Archive for the 'information' Category

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Walking Safely In and Around Your Seattle Campus

This is a guest post from David Sportsman of Degree Jungle, a college student resource site.

Creating a more accessible and safer walking environment should be every locale’s goal. Seattle has realized how important it is to ensure the safety of its citizens ranging from students to professionals to senior citizens. People face several common pedestrian issues that are grouped as such:

  • Safety and Security
  • Crossing the Road
  • Walking Along the Sidewalk
  • Destinations/Locations
  • Making a Change

Safety and Security

There are specific issues that can be addressed; motorists or drivers drive too fast around the campuses, and students or pedestrians steering clear of walking at night to avoid accidents. In addition, there are some pedestrian laws that are not followed or acknowledged by cyclists, pedestrians, and motorists on and around the campuses. Other issues involve a large number of crashes entailing pedestrians, and the lack of access for pedestrians with physical disabilities.

Crossing the Road

Although crossing the street is not seemingly a difficult thing to do, there are some issues that many motorists and pedestrians come across. There are a number of people that find it difficult to cross the streets or roads especially when the streets or roads are extremely busy. Fortunately, there are tools that can be used to improve the safety of pedestrians when it comes to crossing the street. The street or road crossing experience normally comes down to the behaviors of the motorists and the pedestrians.

In addition, it involves the crossing or intersection designs. The driving speed is just one of the many factors that influences the motorist’s behavior. It is safe to say that a motorist that drives his or her car slowly has more time to look around, react on time when he or she needs to, and to stop for pedestrians. When there are more students on the street, they enhance the motorists’ attentiveness.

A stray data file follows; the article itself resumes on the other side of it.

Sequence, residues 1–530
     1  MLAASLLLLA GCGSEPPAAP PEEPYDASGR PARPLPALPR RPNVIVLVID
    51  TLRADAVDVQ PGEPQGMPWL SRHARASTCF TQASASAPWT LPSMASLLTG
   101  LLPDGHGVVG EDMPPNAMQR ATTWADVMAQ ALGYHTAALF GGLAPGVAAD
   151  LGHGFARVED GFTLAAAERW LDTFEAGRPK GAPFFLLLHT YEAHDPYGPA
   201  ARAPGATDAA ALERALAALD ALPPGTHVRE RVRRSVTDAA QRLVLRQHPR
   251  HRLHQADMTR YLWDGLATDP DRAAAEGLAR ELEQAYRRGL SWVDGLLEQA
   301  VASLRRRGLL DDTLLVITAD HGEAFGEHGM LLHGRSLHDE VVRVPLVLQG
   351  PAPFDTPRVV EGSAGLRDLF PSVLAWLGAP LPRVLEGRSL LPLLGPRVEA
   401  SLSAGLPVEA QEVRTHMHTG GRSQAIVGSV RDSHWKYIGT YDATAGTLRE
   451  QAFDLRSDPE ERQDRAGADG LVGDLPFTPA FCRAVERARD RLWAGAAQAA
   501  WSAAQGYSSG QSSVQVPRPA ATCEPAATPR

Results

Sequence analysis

Walking Along the Sidewalk

Moving along the sidewalks is one of the key components of a campus that are safe to walk on. The conditions of the sidewalks, as well as along the roads and streets influence the students’ comfort, safety, travel, orientation, and the community’s visual quality. Sidewalks that are blocked by poles, trees, trash bins or cars make it difficult for pedestrians to walk there. For this reason, it could be dangerous, especially when the street or road is busy and the students have to make use of the busy sidewalks. Sidewalks that are not properly maintained by the community are another issue that can influence the safety of pedestrians.


Well kept destinations or locations encourage students to walk. Attractive campuses with beautiful trees, stunning blossoms with varied intoxicating scents, and perfectly manicured bushes will definitely encourage more students to walk, as opposed to areas with too many buildings, garages and parking lots around or nearby the campuses.

Making a Change

The pedestrian issues that many students around campuses face can be solved by discussing the issues with the campus officials or even with the community members in the surrounding neighborhoods. By working together, it makes it easier to care for and maintain the campuses, sidewalks, roads, and streets. It is advisable to discuss necessary funding that could improve or enhance the safety of students and pedestrians.

David Sportsman is an experienced freelance writer who has an extensive knowledge on a wide range of subjects. He contributes to Degree Jungle a college student resource site.


Austin vs. Seattle: How do they compare?

This article was written by Matt Schexnayder from

Austin is known as the “live music capital of the world”, and for good reason. Home to the ACL music festival, SXSW, tons of music venues, and of course Austin City Limits, the longest-running music program in television history, Austin knows a thing or two about music. In addition to that, they having amazing food (especially BBQ), they are one of the fastest growing cities in the nation, and more recently they are becoming a hotbed of entrepreneurship.